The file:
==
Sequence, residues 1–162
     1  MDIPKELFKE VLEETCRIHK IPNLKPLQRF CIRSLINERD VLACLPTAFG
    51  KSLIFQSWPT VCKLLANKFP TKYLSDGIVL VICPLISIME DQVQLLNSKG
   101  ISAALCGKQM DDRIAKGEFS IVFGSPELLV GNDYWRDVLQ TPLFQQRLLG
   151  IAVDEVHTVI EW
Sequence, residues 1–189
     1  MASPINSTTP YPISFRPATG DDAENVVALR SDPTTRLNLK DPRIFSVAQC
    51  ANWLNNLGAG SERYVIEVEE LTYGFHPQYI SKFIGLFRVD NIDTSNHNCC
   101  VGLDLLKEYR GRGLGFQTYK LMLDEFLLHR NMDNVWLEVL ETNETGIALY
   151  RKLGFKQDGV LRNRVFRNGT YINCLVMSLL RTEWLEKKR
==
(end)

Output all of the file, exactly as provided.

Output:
Sequence, residues 1–162
     1  MDIPKELFKE VLEETCRIHK IPNLKPLQRF CIRSLINERD VLACLPTAFG
    51  KSLIFQSWPT VCKLLANKFP TKYLSDGIVL VICPLISIME DQVQLLNSKG
   101  ISAALCGKQM DDRIAKGEFS IVFGSPELLV GNDYWRDVLQ TPLFQQRLLG
   151  IAVDEVHTVI EW
Sequence, residues 1–189
     1  MASPINSTTP YPISFRPATG DDAENVVALR SDPTTRLNLK DPRIFSVAQC
    51  ANWLNNLGAG SERYVIEVEE LTYGFHPQYI SKFIGLFRVD NIDTSNHNCC
   101  VGLDLLKEYR GRGLGFQTYK LMLDEFLLHR NMDNVWLEVL ETNETGIALY
   151  RKLGFKQDGV LRNRVFRNGT YINCLVMSLL RTEWLEKKR